As I’ll explain shortly, there are real costs borne by taxpayers, including damage to the U.S. economy and increases in funding costs.

Misconception #2: Treasury has absolute control over the issuance and redemption of its debt

To begin to address this misconception, it is important to delineate the two broad categories of debt subject to limit: marketable securities (the bills, notes, bonds, TIPS, and FRNs that we auction) and nonmarketable securities. When our funding needs change, Treasury adjusts its issuance of marketable securities. The amount of cash that needs to be raised is broadly outside of Treasury’s control and is subject to considerable forecast uncertainties, because it depends on the revenues and expenditures of the entire federal government. But Treasury is responsible for determining how to meet those cash needs. We decide which securities to issue, on which days, and in what amounts. The goal is to maintain our “regular and predictable” issuance paradigm that lowers costs to the taxpayer over time.

However, the issuance and redemption of nonmarketable securities typically operate differently. Some are driven by statute, such as investments in the Social Security Trust Fund, with net issuance to trust funds increasing overall debt subject to limit. It is worth noting here that Treasury does not determine the timing and magnitude of this issuance. In other instances, issuance and redemption decisions are managed by federal agencies where Treasury does not know with advance certainty how much, when, or what type of nonmarketable debt an agency will choose to purchase or redeem. Shifts in the amount, timing, and type of this activity can meaningfully affect the contours of how the amount of outstanding debt subject to limit evolves.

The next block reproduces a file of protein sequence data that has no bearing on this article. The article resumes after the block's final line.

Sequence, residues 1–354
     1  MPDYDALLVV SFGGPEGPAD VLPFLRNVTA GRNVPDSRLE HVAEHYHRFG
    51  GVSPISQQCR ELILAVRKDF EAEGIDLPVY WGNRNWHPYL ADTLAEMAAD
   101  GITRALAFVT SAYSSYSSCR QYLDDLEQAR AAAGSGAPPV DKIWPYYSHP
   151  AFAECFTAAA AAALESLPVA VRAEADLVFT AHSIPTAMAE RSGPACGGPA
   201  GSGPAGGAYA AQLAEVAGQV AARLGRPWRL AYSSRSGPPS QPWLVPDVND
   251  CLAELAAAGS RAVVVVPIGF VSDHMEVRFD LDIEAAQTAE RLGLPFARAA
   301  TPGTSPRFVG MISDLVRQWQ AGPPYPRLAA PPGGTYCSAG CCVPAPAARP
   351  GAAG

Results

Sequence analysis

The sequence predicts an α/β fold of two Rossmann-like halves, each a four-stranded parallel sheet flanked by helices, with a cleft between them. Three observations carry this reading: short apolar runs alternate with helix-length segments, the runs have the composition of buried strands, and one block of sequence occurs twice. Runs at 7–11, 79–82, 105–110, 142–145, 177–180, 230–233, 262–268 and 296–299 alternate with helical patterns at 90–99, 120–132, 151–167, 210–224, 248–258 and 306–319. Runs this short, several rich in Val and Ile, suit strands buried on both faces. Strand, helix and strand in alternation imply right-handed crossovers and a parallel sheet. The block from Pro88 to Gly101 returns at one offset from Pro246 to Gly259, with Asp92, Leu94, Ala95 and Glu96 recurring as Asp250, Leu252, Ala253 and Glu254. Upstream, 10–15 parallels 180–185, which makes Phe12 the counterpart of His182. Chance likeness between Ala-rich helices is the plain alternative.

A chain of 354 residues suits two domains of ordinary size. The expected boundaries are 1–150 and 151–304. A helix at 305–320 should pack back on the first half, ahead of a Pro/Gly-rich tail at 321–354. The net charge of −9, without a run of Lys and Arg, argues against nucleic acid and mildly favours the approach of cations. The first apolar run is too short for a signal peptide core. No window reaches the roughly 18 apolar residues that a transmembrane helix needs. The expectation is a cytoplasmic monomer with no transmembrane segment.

Finally, there are instances where external stakeholders control the amount of securities that are issued, such as State and Local Government Series (SLGS) securities. In these specific cases, external parties generally drive issuance and redemptions, but as an extraordinary measure, Treasury can choose to close the window to new issuance, as we have done in the past with SLGS.

In short, the issuance and redemption of nonmarketable securities are far more rigid, and more driven by autonomous factors, than they are for marketable securities.

Misconception #3: There is a specific date known well in advance, referred to as the ‘x-date,’ on which Treasury’s internal modal forecast says that the government will no longer be able to meet its obligations because we will have entirely exhausted cash and extraordinary measures